At the third meeting of GP-write, researchers decide to create virus-resistant human cells
by Ryan Cross
May 14, 2018 | A version of this story appeared in Volume 96, Issue 20 c&en
A year ago, a group of scientists convened in New York City to discuss an audacious plan: construct an entire human genome from scratch. The proposal was billed as a sequel to the Human Genome Project, the nearly $3 billion effort to sequence, or read, a human genome from start to finish for the first time. Now proficient in reading genomes, the scientists wanted to begin writing them.
That New York gathering was the second meeting of what has come to be known as Genome Project-write, or GP-write. This month, GP-write participants assembled for a third time, at Harvard Medical School. The motley crew—100-plus educators, engineers, entrepreneurs, ethicists, lawyers, programmers, and scientists—laid out the challenges they face while also presenting the beginnings of a strategy to move the project forward.
“We have lofty goals and don’t know how to accomplish most of them,” said Jeffrey A. Schloss, a former director at the National Human Genome Research Institute. “I actually think this project is way more difficult” than sequencing the first human genome, he added.
To spur technology developments needed to synthesize the first human genome, the scientists have chosen a simpler pilot project: the creation of a human cell that is resistant to viral infection. Engineering such a cell will require scientists to make at least 400,000 changes to the human genome and would serve as a stepping-stone to eventually writing the full 3 billion base pairs that make up the entirety of our genetic code.
The new project is comparatively tame, but researchers estimate it could still take 10 years to complete. The so-called ultrasafe human cell line might find applications in research labs and at pharmaceutical companies, where viral contamination in vats of cells has halted the production of protein-based drugs. In addition to recoding cells for viral resistance, the group plans to add genes that could allow them to survive radiation and freezing, and potentially even prevent cancer.
“It is important to have an achievable short-term project that is not ambiguous and scary,”
said Andrew Hessel, one of GP-write’s four cofounders and CEO of Humane Genomics, a biotech start-up developing cancer therapies for dogs.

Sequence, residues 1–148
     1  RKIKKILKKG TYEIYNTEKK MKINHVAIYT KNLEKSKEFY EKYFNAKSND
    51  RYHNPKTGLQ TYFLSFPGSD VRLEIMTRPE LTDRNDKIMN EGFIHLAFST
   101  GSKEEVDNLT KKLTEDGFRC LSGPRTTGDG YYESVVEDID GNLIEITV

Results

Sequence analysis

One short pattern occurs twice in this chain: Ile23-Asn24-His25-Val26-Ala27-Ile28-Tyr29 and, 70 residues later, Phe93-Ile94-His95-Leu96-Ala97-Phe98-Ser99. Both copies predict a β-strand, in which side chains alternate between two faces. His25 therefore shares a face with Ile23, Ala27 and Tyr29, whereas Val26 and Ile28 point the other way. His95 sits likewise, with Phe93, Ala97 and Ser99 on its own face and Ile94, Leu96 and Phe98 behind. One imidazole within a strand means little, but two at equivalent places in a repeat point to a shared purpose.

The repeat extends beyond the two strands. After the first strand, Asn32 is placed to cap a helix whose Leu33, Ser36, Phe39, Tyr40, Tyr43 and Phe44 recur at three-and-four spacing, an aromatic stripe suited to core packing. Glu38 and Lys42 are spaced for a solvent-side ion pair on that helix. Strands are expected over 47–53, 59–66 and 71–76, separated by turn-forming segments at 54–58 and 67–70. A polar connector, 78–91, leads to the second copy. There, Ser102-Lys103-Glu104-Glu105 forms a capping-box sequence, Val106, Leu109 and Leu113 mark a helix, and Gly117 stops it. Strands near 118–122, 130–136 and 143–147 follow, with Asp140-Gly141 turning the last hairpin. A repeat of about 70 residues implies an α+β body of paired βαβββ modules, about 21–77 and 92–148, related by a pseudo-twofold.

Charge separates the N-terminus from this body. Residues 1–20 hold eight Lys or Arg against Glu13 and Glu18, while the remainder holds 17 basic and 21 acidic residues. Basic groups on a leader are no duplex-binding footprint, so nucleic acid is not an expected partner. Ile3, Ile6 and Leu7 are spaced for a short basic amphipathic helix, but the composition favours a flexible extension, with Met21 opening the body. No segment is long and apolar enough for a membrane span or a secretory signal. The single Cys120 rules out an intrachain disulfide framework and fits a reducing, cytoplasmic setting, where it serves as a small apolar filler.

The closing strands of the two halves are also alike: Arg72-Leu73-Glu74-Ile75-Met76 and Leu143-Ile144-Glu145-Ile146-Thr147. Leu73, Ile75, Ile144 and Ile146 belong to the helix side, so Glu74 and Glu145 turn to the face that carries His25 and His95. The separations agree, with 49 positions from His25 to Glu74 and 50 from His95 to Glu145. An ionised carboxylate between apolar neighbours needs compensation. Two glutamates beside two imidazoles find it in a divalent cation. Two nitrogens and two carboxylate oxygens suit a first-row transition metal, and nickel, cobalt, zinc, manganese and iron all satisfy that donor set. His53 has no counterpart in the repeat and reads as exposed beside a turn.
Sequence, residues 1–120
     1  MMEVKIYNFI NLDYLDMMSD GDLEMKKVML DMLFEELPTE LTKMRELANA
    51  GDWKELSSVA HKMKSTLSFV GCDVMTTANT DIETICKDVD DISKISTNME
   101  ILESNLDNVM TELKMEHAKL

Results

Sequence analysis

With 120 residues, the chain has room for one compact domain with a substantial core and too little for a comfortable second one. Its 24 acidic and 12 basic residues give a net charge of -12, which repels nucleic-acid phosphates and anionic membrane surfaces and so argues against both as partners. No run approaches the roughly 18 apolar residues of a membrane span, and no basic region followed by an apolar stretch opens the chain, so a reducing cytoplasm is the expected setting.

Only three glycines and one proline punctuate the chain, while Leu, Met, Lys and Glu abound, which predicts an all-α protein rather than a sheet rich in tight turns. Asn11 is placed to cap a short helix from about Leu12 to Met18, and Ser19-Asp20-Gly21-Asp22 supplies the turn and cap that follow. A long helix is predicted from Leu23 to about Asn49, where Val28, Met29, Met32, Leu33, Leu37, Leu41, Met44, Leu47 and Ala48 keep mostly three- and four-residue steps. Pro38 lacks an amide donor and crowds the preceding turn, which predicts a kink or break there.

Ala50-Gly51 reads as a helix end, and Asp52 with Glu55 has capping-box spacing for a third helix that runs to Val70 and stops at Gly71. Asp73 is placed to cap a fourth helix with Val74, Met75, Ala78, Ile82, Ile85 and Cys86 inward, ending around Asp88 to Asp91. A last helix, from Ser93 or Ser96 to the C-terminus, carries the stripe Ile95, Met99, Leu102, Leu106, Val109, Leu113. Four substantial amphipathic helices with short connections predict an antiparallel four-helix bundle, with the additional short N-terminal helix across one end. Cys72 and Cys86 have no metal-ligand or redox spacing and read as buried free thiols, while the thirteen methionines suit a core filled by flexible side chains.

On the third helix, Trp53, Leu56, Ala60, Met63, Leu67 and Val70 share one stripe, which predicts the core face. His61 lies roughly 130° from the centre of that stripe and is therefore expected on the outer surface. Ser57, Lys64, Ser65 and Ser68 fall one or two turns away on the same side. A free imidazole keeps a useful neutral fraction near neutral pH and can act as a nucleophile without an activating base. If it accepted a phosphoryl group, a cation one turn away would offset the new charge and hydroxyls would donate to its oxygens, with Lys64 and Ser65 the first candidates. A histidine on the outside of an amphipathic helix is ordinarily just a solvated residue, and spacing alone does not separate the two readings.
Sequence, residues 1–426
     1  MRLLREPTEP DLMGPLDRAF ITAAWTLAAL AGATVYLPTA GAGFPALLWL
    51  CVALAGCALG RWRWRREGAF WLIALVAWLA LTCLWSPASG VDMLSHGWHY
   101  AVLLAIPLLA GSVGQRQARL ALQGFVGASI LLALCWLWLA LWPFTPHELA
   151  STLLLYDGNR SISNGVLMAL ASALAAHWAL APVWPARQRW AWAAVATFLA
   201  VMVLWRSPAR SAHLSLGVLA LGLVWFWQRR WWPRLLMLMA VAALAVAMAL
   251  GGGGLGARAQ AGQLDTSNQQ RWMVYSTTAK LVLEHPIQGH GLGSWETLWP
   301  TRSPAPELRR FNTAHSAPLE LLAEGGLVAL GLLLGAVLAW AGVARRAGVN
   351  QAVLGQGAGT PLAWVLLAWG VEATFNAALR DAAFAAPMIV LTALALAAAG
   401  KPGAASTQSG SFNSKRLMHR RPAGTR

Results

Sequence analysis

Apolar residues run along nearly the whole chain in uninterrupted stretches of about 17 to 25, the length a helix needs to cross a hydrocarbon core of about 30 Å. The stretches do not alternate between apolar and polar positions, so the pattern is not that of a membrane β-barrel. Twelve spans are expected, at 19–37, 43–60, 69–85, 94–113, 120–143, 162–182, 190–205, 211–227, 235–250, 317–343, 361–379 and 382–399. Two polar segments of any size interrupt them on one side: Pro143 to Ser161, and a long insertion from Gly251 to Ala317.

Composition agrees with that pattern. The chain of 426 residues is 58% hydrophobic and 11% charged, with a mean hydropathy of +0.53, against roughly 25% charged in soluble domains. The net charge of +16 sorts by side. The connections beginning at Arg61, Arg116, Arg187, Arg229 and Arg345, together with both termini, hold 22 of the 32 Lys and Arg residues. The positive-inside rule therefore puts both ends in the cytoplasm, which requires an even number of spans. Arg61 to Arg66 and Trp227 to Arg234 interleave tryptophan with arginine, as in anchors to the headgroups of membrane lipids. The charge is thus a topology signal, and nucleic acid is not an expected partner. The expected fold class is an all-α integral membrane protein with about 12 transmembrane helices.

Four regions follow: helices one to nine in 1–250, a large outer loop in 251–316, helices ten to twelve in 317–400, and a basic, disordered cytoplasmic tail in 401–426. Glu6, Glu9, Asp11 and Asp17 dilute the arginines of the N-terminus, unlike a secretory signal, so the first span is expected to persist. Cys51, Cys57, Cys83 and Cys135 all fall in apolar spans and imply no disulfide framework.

The ultrasafe cell line will require recoding the human genome, a task that is already under way with bacterial cells in the lab of Harvard University geneticist George Church, another of GP-write’s cofounders.
We have lofty goals and don’t know how to accomplish most of them.
Jeffrey A. Schloss, a former director, National Human Genome Research Institute
Recoding a genome is a complex process. Three letters of DNA compose a codon, which a cell’s machinery can translate into a single amino acid, the building block of proteins. Each of nature’s 20 amino acids can be translated by multiple different codons: For instance, GGT, GGC, GGA, and GGG are all codons for the amino acid glycine. If scientists replace every GGG in a genome with GGA, the cell will still translate that codon into glycine, and thus make the same protein. But that tiny change could prevent a virus that relies on the GGG codon from hijacking the cell’s protein machinery to replicate.
In 2013, Church’s lab published an experiment replacing all 321 instances of a particular codon in the Escherichia coli genome. Since joining Church’s lab as a postdoctoral researcher in 2014, Nili Ostrov has been leading an effort to replace six more codons from the bacteria’s genome, which will require 62,000 edits in all. The project will be completed and published “very soon,” she said at the meeting.
In addition to viral resistance, Ostrov explained, another reason to recode genomes is to give proteins new powers. Researchers have already figured out how to incorporate amino acids that don’t exist in nature into proteins. The first step is to remove every copy of a particular codon. Researchers then reintroduce the code at select spots in a gene. Additional engineering allows that codon to be paired with the new amino acid, integrating it into the protein.